Though primarily a respiratory disease, the coronavirus disease 2019 (COVID-19), caused by the severe acute respiratory syndrome coronavirus 2 (SARS-CoV-2), can lead to a variety of symptoms.
The hallmark symptoms of the illness include cough, fever, and difficulty of breathing. However, some people develop other symptoms such as headaches, body pain, diarrhea, loss of smell, and taste, among others.
Researchers at the Hospital Universitario de La Princes in Madrid, Spain, found that patients with COVID-19 who developed headaches as an early symptom of infection had a milder illness and less risk of death.
Headache and COVID-19
Headache is a common symptom in people infected with SARS-CoV-2, with a prevalence ranging between 13 percent and 74.6 percent. Past studies have also noted that headache usually happens early throughout the illness, and has been tied to a loss of smell and taste.
Further, it has been revealed that SARS-CoV-2 has a neuroinvasive potential. In a few patients, SARS-CoV-2 has been detected in the cerebrospinal fluid, a clear, colorless body fluid found in the brain and spinal cord.
SARS-CoV-2 can also trigger a cytokine storm, a phenomenon where the body’s own immune response starts to attack its own cells and tissues. When this happens, cytokines can invade the brain and be involved in the systemic response after being subjected to hypoxemia.
Despite these, SARS-CoV-2’s neuroinvasive potential remains unclear. It also remains unknown the real link between COVID-19 and the development of headache.
Hence, the researchers aimed to “identify factors associated with headache in COVID‐19 and headache characteristics.”
The study, published in the European Journal of Neurology, involved hospitalized COVID-19 patients with pneumonia in March 2020. The case-control study involved two groups, those with COVID-19 with headache and controls that comprise COVID-19 patients without headache.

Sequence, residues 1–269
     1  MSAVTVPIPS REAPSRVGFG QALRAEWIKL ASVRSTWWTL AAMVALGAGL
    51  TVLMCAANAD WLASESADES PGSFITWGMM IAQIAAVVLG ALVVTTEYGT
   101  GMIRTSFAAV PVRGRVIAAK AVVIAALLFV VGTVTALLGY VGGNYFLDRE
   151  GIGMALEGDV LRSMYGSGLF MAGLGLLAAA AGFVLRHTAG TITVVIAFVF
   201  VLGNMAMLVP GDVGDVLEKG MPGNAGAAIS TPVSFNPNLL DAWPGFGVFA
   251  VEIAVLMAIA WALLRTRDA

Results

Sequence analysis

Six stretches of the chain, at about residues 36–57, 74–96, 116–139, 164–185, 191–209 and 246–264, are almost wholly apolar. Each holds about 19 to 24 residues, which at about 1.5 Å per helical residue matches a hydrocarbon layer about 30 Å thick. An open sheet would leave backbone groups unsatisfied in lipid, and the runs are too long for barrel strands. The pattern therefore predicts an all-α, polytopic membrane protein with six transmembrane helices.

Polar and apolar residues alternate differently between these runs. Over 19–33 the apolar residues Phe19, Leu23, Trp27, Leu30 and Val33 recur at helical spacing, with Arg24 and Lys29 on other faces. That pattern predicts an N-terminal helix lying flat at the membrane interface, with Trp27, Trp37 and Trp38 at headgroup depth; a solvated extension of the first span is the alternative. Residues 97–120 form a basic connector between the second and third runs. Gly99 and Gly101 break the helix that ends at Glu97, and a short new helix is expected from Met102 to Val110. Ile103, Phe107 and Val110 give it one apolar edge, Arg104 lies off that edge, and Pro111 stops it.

The researchers obtained a complete medical history from each patient, noting demographic and clinical data, including age, sex, date of symptom onset, clinical manifestations, and Charlson comorbidity index.
They also recorded and evaluated laboratory results such as leukocyte count, lymphocyte count, C-reactive protein, creatinine, lactate dehydrogenase, and urea. Radiologic features were also included.
The researchers also included the characterization of headaches during the course of the infection. Neurologists interviewed the hospitalized patients with headache using a semi-structured questionnaire that included prior history of headache, sociodemographic variables, onset, duration, frequency, and intensity of attacks according to the International Headache Society (HIS) system. Other factors like pain localization and type, and the presence of other related symptoms such as vomiting, nausea, and photophobia were also noted.
Of the 379 COVID-19 patients, 13 percent developed a headache. Of these, 62 percent were men, and the average age was 57. The team has found that younger people and those with fewer comorbidities were more likely to develop a headache.
Further, headache has been associated with reduced mortality or death, low levels of C-reactive protein, which is a sign of inflammation in the body, mild acute respiratory distress syndrome (ARDS), a complication of COVID-19, and oropharyngeal symptoms.
Among the symptoms of SARS-CoV-2 infection, pharyngitis or sore throat, loss of taste, joint pain, nausea, and vomiting were more common in patients with headache.
According to our results, migraine and tension-type headache were the most prevalent primary headaches in COVID-19 patients,” the researchers noted in the paper.
The results showed that headaches are an important symptom of COVID-19, affecting 13 percent of patients. Hospitalized COVID-19 patients who are younger and have no comorbidities, including hypertension, are more likely to develop a headache during the infection. This indicates that headache may manifest in patients with healthier backgrounds, suggesting that a healthy immune system may have a role in the development of headache during COVID-19 illness.
Our results show that mild inflammation and mild respiratory failure could play a role in the development of headache during COVID-19,”
The researchers added that recognizing COVID-19-linked headache may help healthcare providers improve clinical management and treatment of COVID-19 patients.